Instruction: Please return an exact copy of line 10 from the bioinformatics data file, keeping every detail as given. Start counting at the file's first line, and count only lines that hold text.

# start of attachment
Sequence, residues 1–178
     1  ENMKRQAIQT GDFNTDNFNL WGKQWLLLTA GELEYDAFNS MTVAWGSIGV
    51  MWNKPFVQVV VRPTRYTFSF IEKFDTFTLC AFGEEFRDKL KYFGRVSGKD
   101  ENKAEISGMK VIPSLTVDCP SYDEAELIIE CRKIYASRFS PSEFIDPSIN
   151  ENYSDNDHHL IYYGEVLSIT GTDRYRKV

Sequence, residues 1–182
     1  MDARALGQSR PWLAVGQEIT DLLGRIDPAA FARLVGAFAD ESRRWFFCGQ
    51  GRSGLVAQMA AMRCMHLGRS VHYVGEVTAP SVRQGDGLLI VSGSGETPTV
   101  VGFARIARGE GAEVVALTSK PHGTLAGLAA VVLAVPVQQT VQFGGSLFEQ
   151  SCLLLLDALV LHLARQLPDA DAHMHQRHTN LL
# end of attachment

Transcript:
   151  SCLLLLDALV LHLARQLPDA DAHMHQRHTN LL